The final version of the National Curriculum has been published and the consultation rounds are now over.
The curriculum contains the programmes of study and attainment targets for all subjects, at all key stages, except key stage 4 English, Maths and science, which will follow after a public consultation on the draft programmes of study.
The DfE published drafts in February and July, asking for feedback. The July document contained substantial changes, particularly to arts and cultural subjects. We outlined them in this post – the highlights included significant improvements to the History and Music specifications.
You can read a DfE summary of the consultation feedback to the July version here.
What are the headlines of this version?
1. Drama is now represented on the National Curriculum
We are extremely heartened to see that our suggested paragraph on Drama has been included within the Aims section of the English Curriculum. Up to this point Drama was not included in the statutory section of the document.
The Spoken Language section now reads as follows:
‘All pupils should be enabled to participate in and gain knowledge, skills and understanding associated with the artistic practice of drama. Pupils should be able to adopt, create and sustain a range of roles, responding appropriately to others in role. They should have opportunities to improvise, devise and script drama for one another and a range of audiences, as well as to rehearse, refine, share and respond thoughtfully to drama and theatre performances.’
There is still not enough Drama within the curriculum and the document lacks the structured drama learning framework we would like to see, but this paragraph represents a real step forward. It makes a clear statement that all children should learn through and about drama; describes drama as an artistic practice; and makes it clear that young people should be enabled to respond to theatre and performance. It is a first building block for teachers, drama and theatre professionals to base great teaching and learning on. CLA colleagues were involved in delegations to the DfE, Roundtables and submission drafting throughout the consultation process; and all our partners, particularly National Drama, should feel proud that their tenacity has led to tangible change – even though there are further battles to be joined in order to give drama the parity and status it deserves.
2. Key omissions
No other substantial changes to the arts and cultural subjects have been made to this document since the July version and, as such, some significant omissions and concerns remain,. In n particular:
- Film and technology are missing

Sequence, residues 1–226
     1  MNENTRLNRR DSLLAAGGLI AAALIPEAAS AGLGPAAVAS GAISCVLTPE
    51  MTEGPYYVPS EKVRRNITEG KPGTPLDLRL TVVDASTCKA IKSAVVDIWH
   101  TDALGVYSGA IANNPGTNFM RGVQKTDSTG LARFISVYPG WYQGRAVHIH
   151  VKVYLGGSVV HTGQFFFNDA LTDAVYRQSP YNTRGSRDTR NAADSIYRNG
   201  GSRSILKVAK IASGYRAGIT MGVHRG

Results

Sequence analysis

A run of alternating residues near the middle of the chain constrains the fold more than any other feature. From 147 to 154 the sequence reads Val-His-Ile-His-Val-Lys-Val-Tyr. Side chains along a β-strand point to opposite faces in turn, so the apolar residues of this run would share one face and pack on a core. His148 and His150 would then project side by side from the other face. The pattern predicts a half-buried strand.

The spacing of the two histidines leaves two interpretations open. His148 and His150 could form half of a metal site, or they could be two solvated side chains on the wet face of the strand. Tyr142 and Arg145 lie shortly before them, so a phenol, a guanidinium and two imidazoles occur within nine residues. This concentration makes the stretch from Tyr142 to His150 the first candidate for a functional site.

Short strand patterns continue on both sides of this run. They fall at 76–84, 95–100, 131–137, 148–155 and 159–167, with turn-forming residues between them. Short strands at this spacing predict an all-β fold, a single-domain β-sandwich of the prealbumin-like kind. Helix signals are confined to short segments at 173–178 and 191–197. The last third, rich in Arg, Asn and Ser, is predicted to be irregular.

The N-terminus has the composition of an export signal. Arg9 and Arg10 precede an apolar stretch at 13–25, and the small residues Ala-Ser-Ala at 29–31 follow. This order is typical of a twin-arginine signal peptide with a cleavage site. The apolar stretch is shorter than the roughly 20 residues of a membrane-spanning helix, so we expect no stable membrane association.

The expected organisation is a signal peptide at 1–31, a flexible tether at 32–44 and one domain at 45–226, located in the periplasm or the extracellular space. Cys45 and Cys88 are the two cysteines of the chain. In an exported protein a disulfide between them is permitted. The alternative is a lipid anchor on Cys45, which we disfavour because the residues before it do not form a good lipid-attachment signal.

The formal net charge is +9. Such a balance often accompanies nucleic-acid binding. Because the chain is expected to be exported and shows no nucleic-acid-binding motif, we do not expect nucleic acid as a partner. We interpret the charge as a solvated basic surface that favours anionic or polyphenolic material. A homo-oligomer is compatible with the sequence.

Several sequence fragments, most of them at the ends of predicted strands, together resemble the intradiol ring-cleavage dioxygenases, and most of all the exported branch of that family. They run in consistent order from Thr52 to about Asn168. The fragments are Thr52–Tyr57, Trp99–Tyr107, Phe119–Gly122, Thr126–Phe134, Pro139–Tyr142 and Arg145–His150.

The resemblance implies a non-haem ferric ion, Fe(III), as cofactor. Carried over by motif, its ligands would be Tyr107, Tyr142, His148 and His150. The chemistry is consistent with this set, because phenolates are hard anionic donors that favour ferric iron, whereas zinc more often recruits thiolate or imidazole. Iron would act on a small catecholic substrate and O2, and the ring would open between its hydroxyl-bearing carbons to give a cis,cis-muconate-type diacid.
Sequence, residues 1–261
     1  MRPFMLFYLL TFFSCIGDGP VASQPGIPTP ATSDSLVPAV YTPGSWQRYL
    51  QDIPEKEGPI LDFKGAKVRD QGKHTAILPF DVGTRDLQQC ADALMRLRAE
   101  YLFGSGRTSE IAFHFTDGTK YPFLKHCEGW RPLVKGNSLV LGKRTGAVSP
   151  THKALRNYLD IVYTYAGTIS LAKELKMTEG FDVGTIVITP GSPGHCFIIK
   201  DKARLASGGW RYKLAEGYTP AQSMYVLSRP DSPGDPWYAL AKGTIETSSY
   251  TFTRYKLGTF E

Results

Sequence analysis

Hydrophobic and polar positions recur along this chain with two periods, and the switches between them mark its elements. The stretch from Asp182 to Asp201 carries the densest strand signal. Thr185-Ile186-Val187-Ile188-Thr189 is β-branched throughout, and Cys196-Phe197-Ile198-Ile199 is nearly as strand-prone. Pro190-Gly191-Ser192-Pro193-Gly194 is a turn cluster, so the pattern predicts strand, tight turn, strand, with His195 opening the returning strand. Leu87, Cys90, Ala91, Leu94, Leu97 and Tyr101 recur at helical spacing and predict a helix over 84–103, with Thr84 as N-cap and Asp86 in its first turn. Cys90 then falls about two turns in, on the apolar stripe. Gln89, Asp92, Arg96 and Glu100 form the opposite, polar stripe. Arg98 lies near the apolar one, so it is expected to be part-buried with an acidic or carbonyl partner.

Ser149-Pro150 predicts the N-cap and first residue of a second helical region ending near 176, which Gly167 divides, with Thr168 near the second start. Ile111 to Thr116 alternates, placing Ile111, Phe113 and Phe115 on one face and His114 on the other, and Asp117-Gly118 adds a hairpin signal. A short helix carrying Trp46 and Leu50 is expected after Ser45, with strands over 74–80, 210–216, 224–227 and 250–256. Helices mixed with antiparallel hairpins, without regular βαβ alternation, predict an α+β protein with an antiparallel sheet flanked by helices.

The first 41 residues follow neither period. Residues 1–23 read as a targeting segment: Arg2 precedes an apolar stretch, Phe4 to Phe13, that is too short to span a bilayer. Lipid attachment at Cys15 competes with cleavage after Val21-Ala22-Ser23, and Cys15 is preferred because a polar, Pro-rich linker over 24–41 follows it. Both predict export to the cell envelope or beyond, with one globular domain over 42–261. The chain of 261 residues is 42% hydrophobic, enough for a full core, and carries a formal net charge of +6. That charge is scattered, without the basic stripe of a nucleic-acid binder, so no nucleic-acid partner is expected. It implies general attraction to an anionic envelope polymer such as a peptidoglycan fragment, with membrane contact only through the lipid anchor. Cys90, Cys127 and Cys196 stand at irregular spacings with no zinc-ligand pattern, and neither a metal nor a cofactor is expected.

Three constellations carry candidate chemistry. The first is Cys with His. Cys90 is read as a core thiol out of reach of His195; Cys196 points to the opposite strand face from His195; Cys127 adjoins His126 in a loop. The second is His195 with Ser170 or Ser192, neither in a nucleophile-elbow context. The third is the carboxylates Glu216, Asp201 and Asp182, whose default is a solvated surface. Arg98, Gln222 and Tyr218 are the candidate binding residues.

There is no mention of film, digital media or text. This is a real blow, and one that will make it extremely difficult to ensure that young people have the literacy skills to succeed in a world dominated by these forms of communication and expression.
- Dance is not adequately included
Dance is only sketched in the briefest terms within the P.E. specification– with no recognition that it is a rigorous and complex art-form not simply a physical activity.
3. We must make this work for children and young people
As expected this Curriculum is a very mixed bag, but it is also the final version , and as such, the teachers, specialists, cultural professionals and organisations within the Alliance will need to work with it to make young people’s learning experience as rich, creative and cultural as we possibly can. We will need to find ways and means to inspire and support all schools in bringing the statutory requirements to life, giving every child the opportunity to actively engage with the creation of the arts and heritage.
To help with this, the CLA is proposing to work with its partners and create a slim companion document which helps schools to interpret the National Curriculum creatively. It would highlight, clarify and offer guidance on cutting-edge cultural learning ideas and concepts which embody and support great learning in each of our disciplines. This should complement and support the more detailed resources and training currently being developed and offered by Specialist Subject Associations and others like Arts Council and the Bridge Organisations.
When does this curriculum come in to force and who has to follow it?
This curriculum will come into play in September 2014, giving us a year to plan and adapt to it. (N.B. The DfE asks teachers to note that in the 2014 to 2015 academic year, pupils in years 2 and 6 should be taught the current programmes of study in English, mathematics and science as children will be sitting existing SATs tests in these subjects. New SATs will come on stream in 2016)
The National Curriculum must be followed by all maintained primary and secondary schools in England. Academies and Free Schools (approximately half of all schools) are exempt from following it.